The respected Economist, with its rigorous research and impeccable journalism, chooses to expose our shame and the deterioration of our country on its front page. It even compares the present state of decline with a more positive view of conditions during the “loathsome Apartheid” years.
We cringe. It is like a family that has sheltered a pervert, or has hidden a crime, suddenly now out in the open: the whole world sees the extent of the shame spelled out in vivid reality.
To most of us it’s no surprise. We have learned to assimilate the pieces of bad news that come to us in a daily stream. This, however, is the full story in one vicious punch to the gut. Its impact must be riveting to international investors, already skittish about what’s going on in the world economy and being much more discerning about where they invest their clients’ decreasing funds.
But it is overwhelming to us because a perceived failure of the country is also a perceived failure of ourselves. Although many don’t support the ANC and have little influence at all in the greater scheme of South Africa’s decline, we somehow feel responsible. We are co-dependent, and experience a sense of blame for the disgrace. What an embarrassment!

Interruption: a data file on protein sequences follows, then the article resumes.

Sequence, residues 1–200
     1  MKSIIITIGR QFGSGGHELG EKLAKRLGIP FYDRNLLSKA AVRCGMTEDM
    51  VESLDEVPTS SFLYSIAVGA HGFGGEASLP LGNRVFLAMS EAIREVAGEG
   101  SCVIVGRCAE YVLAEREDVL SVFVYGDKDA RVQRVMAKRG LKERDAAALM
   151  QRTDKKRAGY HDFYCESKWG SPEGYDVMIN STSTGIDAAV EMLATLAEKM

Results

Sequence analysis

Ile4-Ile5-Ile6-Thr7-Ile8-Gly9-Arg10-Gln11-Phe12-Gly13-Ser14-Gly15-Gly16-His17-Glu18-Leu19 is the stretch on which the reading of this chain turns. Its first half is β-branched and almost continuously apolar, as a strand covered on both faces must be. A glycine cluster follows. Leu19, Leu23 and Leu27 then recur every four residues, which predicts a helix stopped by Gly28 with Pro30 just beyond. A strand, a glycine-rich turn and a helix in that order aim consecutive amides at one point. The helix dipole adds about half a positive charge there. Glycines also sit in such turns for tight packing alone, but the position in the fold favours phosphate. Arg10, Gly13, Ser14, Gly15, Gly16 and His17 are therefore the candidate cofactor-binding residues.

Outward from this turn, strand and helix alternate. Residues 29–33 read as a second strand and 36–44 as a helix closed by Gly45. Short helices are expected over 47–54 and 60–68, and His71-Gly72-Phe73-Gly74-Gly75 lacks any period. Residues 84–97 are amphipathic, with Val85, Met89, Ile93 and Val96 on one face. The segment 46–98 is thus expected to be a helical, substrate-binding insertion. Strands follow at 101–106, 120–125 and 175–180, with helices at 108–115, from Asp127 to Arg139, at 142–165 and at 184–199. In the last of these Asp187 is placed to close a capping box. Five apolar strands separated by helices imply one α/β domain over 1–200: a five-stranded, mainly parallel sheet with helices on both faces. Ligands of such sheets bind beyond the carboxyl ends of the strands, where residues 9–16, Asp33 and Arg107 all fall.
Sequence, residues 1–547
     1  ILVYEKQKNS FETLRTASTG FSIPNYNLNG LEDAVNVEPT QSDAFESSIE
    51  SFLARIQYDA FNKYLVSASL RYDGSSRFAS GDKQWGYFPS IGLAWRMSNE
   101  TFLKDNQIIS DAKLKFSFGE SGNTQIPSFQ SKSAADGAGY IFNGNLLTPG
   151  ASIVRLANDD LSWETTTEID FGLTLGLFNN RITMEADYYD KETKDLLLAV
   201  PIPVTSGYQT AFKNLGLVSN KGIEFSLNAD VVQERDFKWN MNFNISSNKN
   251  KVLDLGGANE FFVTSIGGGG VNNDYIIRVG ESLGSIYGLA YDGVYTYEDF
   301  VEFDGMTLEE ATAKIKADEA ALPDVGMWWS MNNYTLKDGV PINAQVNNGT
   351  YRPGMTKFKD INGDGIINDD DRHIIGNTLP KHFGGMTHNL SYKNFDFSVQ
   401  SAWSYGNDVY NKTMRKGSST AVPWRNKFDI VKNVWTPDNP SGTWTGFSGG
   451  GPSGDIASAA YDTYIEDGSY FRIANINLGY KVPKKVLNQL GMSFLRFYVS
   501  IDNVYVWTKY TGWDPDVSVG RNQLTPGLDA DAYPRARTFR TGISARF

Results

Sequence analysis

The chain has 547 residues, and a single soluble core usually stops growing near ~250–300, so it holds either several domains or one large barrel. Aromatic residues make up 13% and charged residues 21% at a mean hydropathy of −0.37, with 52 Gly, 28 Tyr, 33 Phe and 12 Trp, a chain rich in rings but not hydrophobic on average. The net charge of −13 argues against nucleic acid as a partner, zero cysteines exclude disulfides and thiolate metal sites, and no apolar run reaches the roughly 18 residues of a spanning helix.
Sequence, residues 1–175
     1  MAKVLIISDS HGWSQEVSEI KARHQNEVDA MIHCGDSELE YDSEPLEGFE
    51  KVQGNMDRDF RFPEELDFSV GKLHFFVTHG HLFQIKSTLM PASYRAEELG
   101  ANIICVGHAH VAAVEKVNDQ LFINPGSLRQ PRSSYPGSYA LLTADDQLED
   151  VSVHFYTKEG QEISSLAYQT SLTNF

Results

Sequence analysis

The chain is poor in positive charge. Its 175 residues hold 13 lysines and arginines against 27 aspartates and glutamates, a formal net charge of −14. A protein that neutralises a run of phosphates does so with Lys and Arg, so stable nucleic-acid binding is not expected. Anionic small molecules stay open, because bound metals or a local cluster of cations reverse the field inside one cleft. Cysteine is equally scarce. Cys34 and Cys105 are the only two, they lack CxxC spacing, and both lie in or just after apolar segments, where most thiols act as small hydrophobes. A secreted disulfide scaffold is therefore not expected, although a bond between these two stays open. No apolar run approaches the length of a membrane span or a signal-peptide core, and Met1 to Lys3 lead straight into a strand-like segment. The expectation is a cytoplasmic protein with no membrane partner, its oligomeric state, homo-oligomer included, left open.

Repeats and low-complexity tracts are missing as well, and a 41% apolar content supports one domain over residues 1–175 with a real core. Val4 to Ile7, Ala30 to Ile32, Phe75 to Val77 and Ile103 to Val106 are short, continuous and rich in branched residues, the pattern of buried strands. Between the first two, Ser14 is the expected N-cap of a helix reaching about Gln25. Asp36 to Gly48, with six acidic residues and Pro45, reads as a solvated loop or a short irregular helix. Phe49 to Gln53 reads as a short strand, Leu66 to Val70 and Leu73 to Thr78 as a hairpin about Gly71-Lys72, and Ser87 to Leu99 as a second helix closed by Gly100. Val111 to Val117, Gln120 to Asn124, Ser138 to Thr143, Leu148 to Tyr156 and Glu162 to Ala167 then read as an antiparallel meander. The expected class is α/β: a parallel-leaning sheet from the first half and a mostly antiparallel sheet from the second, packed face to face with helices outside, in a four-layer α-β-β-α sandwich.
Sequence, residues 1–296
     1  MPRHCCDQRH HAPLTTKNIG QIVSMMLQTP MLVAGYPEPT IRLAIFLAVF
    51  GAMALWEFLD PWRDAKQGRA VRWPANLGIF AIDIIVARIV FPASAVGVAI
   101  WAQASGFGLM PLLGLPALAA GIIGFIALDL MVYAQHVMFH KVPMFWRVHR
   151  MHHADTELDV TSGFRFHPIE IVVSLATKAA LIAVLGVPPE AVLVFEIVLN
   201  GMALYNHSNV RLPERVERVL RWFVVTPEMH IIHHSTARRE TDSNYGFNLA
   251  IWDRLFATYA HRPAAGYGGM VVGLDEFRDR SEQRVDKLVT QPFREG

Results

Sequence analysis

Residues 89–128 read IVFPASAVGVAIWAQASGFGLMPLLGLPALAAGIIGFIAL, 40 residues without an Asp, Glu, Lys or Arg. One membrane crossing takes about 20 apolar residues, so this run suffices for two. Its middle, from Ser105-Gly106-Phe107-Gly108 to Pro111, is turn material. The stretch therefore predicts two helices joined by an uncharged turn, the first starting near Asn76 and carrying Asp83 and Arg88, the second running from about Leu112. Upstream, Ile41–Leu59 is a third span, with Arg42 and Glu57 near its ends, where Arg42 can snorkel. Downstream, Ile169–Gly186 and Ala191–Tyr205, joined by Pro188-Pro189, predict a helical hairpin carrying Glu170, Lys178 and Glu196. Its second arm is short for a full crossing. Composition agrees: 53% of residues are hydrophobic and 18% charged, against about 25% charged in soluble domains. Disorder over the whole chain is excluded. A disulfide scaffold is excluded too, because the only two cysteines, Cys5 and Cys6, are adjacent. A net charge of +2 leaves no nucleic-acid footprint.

What will we say to our children and grandchildren who may one day ask: “Where were you? Where were you when the beloved country went down the tubes?”
A recent e-mail doing the rounds was a letter from Ann Paton, the widow of Alan Paton, author of Cry the Beloved Country. After several robberies and threats to her safety, Paton has decided, reluctantly, to leave her cherished life in South Africa and return to England. She is fraught with anguish and pain, but cannot keep her life together in South Africa any longer.